What's the difference between i.e. and e.g.?
allusive use dates to 1838, from Baron Frankenstein (German, "free stone"), character in Mary Shelley's 1818 novel "Frankenstein: The Modern Prometheus." Commonly used, mistakenly, as the proper name of the monster he created, and thus franken- extended 1990s as a prefix to mean "non-natural."
(1818) A novel by Mary Wollstonecraft Shelley. The title character, Dr. Victor Frankenstein, makes a manlike monster from parts of cadavers and brings it to life by the power of an electrical charge. Frankenstein's monster is larger than most men and fantastically strong.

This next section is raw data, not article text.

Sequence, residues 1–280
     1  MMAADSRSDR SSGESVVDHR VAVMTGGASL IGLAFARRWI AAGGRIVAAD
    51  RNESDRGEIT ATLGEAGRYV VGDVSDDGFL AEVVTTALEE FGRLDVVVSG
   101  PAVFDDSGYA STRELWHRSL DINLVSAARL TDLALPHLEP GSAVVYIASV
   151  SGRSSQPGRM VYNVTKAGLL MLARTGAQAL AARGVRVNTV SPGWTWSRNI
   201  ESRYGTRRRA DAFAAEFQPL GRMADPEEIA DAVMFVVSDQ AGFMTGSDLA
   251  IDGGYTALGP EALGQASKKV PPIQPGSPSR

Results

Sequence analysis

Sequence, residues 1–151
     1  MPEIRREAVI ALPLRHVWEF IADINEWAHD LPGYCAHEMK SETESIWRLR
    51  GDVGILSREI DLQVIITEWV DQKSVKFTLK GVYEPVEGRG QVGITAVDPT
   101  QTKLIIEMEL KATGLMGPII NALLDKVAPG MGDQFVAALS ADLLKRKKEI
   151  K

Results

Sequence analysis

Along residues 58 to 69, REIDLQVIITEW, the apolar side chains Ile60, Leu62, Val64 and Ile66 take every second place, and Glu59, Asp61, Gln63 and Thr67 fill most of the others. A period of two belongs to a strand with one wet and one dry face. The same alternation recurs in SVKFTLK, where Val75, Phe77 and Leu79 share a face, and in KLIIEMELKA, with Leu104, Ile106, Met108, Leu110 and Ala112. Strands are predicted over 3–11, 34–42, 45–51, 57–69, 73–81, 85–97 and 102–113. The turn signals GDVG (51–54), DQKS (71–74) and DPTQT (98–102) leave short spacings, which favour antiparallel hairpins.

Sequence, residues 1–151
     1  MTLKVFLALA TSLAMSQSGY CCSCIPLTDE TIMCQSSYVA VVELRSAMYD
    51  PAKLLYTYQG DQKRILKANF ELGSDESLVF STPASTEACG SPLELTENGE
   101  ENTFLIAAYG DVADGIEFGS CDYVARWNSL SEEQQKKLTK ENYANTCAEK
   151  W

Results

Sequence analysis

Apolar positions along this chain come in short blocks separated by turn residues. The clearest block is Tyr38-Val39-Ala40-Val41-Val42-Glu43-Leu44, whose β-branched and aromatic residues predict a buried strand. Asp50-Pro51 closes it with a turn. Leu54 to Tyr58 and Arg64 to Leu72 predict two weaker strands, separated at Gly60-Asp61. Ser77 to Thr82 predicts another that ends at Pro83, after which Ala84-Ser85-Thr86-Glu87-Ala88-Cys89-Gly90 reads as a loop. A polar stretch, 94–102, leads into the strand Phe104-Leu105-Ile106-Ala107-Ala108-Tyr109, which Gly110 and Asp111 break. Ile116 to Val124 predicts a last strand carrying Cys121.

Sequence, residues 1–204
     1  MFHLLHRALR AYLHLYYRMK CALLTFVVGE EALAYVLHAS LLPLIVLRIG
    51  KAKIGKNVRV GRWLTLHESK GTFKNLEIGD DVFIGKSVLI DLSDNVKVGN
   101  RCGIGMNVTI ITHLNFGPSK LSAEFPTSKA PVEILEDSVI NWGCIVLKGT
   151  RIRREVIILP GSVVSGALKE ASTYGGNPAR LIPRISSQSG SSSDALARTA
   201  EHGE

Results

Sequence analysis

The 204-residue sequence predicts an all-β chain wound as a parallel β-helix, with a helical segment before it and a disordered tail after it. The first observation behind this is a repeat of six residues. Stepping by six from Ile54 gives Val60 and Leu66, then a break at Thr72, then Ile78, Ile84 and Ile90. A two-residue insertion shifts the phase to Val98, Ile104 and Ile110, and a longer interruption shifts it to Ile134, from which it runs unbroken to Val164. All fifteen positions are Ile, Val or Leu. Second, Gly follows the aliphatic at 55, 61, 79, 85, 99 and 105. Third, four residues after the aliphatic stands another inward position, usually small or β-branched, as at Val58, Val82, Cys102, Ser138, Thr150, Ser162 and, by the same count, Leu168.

Note: Frequently the subject of horror films, the monster is usually pictured with an oversized square brow, metal bolts in his neck and forehead, and greenish skin. People often mistakenly refer to the monster, rather than to his creator, as “Frankenstein.”